Kerry James Marshall (b. 1955) has a story to tell, and he has chosen oil and canvas, acrylic and print as his media to tell it. A living artist born in Birmingham, Alabama, Marshall has earned a reputation for blending distinctly African American figures and experiences with Western iconography, pop culture and European art symbols. He was the 1997 recipient of the MacArthur Fellowship “genius grant”, has taught at the University of Illinois’ Chicago School of Art and Design, Los Angeles City College, and Los Angeles Southwest College.
Such an example is the mural-sized Untitled (2009), depicting a female painter holding a massive paintbrush and easel. Her seated pose and monumental scale are much like a Renaissance sitter (recall the seated subjects of Michelangelo’s Sistine Chapel paintings), and amongst the vibrant colors surrounding her, the painter’s skin is a velvety bluish black. Viewing this more than life-sized painting up close was truly an experience.
Mr. Marshall’s thirty-five career was recently the subject of his largest museum retrospective to date, at the Met Breuer in New York City. Kerry James Marshall: Mastry is an apt title for an inspirational and thought-provoking artist. His work includes portraiture, landscapes, genre painting, with subject matter to readdress the stereotypes of African Americans in the United States.
A Portrait of the Artist as a Shadow of his Former Self (1980) is a striking depiction of a man, grinning from ear-to-ear with a floppy hat adorning his head. One can’t tell where the background ends and his skin begins. The man could not only illustrate the artist, but also serve as a reflection of African Americans over time – as servants, vaudevillians, minstrel performers, and the like- and the precursor to all that we are now- directors, writers, photographers, educators, doctors, and more. A provoking similarity might be found in Portrait of the Artist & a Vacuum (1981); using the “self-portrait” of 1980 as a focal point, this work employs a known symbol of domestication (via the vacuum) in the immediate foreground. The seemingly staid arrangement of the acrylic painting is energized by the rich use of yellow and burnt orange.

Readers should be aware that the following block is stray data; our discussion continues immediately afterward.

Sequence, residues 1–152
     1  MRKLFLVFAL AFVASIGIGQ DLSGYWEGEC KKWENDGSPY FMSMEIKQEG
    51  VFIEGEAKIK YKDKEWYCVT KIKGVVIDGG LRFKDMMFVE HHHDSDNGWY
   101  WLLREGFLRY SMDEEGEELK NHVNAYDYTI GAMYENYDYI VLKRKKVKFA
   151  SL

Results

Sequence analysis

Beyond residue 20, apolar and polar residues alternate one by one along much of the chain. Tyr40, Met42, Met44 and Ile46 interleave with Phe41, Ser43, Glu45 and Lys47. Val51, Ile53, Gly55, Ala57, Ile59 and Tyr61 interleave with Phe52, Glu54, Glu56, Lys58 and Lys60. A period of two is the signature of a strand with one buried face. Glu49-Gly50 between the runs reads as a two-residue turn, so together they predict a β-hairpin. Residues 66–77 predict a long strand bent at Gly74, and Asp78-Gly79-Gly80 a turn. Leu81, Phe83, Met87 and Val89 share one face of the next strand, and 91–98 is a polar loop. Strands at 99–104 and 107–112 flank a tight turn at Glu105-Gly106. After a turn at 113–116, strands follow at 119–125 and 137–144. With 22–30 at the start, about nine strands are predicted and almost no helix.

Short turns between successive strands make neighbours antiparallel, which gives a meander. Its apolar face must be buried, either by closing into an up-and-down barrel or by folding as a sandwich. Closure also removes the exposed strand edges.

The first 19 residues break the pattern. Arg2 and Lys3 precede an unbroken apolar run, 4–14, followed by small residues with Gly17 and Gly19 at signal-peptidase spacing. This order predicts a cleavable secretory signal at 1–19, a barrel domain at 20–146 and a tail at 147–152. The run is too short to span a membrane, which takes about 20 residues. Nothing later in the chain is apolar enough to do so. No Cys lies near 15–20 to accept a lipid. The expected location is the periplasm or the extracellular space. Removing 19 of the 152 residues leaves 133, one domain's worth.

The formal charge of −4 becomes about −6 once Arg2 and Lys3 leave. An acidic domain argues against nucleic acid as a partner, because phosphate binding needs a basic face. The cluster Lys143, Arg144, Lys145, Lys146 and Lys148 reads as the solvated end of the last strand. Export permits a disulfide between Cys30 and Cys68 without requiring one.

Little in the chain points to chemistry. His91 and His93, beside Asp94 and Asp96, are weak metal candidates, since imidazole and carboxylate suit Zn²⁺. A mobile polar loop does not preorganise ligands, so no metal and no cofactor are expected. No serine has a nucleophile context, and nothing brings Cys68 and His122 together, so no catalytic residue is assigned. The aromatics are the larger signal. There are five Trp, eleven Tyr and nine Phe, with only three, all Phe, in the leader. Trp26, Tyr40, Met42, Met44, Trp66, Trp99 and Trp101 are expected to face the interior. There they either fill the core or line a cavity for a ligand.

Black Artist (Studio View) (2002) continues Marshall’s theme of contemplation, in which the artist (seated and reclined), looks upon his workspace in surveyance. The cool, calming blue hue that canvasses the inkjet print echoes that emotion.
Marshall’s Met Breuer retrospective included many impassioned genre paintings, including Bang (1994), showing children pledging allegiance to a country that many not consider them as one with everyone else; and Past Times (1997), illustrating vignettes of African Americans playing golf, picnicking, playing croquette, and yachting while waterskiing. This riveting exhibition is a must see for those interested in the exhibit’s next run, and if you’re inclined, also features an exhibition catalog for further study. Kerry James Marshall: Mastry just finished showcasing at the Met Breuer (945 Madison Avenue, New York), where it was on view from October 25, 2016 – January 29, 2017.
Sierra Dixon has written for Connecticut History Review and YourPublicMedia (now WNPR), writing on art, photography, dance, film, and entertainment. She holds a B.A. in Art History from the University of Hartford, and currently works as a Research and Collections Associate at the Connecticut Historical Society.